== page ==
CHARLESTON COUNTY, SC (WCSC) - U.S. officials say Navy ships are being positioned in the Red Sea near Syria as President Barack Obama tries to convince Congress to authorize an attack, but some South Carolina lawmakers say, based on the facts at this time, they do not support a strike on Syria.
Congressman Mark Sanford says he commends President Obama's decision not to strike without Congress' support.
"For the last several days we've heard from members of Congress who want their voices to be heard. I absolutely agree."
However, Sanford says the President's strategy isn't clear. Sanford says he's leery of going into a country that has been involved in civil war for two-and-a-half years. Senator Lindsay Graham, who met with the President this afternoon, isn't convinced either.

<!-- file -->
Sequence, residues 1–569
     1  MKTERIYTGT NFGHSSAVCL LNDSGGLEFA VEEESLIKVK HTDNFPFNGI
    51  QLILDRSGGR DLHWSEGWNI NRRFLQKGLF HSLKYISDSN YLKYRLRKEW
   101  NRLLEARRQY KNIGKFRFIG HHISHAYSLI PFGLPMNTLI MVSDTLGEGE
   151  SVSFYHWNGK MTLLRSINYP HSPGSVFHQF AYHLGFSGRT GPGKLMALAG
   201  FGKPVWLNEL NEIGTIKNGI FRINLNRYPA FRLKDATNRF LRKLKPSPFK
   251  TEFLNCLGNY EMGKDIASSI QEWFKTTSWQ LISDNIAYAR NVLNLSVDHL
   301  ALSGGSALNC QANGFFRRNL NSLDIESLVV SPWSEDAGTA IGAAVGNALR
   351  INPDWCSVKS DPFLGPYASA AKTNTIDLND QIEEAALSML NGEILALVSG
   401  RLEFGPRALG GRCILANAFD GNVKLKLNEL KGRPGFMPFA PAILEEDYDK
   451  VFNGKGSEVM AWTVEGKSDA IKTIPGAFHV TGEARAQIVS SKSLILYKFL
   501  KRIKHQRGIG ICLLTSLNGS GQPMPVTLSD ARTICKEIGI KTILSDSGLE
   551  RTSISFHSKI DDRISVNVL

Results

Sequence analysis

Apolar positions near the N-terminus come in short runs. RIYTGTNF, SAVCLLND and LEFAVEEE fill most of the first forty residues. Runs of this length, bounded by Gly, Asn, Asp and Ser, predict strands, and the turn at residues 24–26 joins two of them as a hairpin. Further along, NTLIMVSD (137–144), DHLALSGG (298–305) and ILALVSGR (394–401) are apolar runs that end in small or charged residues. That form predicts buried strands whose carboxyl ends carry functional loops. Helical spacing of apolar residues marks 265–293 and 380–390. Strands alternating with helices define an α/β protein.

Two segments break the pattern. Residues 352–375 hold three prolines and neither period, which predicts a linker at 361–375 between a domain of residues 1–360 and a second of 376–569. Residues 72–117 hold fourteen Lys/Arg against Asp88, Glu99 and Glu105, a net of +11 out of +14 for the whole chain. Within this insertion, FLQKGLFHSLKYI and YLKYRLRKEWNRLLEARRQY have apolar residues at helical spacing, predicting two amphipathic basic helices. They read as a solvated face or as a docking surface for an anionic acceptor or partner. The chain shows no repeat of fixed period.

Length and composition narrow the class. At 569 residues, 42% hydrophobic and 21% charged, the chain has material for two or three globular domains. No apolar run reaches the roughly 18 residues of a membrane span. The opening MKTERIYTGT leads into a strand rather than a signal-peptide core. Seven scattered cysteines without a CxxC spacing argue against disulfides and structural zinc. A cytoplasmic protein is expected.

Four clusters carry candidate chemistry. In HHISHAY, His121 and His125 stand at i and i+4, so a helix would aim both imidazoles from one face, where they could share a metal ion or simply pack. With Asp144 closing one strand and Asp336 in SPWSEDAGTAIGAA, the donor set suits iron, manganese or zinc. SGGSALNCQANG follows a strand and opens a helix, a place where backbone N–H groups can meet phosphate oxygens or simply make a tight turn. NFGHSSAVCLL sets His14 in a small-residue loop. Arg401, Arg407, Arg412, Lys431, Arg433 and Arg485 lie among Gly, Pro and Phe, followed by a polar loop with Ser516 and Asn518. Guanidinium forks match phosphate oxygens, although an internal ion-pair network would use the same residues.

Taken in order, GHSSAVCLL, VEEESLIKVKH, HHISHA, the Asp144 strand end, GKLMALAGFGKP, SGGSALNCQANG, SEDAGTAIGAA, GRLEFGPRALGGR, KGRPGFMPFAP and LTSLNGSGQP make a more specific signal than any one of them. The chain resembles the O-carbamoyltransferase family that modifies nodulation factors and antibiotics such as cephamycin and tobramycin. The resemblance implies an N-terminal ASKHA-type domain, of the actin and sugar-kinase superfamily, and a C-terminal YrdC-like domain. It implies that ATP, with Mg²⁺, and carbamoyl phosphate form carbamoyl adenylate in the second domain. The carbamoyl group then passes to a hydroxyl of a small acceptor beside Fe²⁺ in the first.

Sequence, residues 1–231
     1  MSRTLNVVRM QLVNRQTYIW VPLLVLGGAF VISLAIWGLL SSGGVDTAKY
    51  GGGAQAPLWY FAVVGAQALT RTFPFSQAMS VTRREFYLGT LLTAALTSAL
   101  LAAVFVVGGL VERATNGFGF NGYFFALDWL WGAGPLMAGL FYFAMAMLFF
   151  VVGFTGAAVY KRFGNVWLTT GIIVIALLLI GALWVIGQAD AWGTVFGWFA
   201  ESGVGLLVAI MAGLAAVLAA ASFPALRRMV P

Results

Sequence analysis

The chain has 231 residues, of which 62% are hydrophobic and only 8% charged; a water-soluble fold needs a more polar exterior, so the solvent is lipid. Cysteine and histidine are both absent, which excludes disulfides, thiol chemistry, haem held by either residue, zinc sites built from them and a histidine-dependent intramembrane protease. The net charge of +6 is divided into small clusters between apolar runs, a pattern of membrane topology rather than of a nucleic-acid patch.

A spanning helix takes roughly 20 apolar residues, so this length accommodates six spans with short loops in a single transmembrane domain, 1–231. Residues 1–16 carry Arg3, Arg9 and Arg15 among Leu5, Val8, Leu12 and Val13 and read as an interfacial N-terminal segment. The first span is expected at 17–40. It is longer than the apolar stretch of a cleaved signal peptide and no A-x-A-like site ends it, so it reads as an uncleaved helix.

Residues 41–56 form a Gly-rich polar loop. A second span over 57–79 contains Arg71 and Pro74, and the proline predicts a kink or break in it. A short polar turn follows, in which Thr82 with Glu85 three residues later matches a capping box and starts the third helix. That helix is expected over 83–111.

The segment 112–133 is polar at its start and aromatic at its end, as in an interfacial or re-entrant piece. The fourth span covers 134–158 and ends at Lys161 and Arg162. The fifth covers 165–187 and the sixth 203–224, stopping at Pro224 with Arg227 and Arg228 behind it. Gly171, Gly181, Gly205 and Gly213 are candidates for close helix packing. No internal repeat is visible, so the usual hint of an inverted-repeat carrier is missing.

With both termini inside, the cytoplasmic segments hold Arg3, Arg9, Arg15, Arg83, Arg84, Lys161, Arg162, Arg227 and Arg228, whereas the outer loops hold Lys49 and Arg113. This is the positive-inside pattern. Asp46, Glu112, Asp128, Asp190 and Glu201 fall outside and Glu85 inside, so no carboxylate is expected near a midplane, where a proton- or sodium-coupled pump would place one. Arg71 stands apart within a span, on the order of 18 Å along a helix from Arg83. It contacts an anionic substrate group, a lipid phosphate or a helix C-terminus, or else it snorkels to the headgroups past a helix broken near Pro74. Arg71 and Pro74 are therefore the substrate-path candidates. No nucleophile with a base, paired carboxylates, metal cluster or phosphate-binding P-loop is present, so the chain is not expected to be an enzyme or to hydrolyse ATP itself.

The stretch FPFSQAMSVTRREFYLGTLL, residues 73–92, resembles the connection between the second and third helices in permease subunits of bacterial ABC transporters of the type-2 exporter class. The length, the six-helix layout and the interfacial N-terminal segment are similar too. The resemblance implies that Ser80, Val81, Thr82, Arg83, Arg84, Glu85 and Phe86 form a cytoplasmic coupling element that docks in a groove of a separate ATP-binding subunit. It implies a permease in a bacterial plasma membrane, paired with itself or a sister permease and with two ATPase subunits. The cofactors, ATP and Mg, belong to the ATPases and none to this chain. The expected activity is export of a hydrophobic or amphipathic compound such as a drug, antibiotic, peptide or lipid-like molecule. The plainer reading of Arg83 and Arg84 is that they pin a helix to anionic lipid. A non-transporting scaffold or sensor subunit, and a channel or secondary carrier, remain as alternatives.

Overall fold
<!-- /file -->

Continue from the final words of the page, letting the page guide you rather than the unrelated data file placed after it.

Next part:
"I can't sell another Iraq or Afghanistan because I don't want to. What I can sell to the people of South Carolina that if we don't get Syria right Iran is surely going to take the signal that we don't care about the nuclear program, and it weighs on the President's mind strongly about the signals we send."
Sanford says before a decision is made, he wants to know what will success in Syria look like, and if it's reached, how does the United States get out?
"What is the military or strategic or tactical effect of advertising the fact that you're going to lob in a couple of bombs, not with the intent of overturning or changing anything, just as a punitive strike? I mean I don't know what that does."
The Congressman also says the public's opinion should weigh in heavily before a strike is given the green light.
"Body bags don't go back to Washington. They go back to Memphis, Tennessee and Charleston, South Carolina and a lot of other little towns in-between."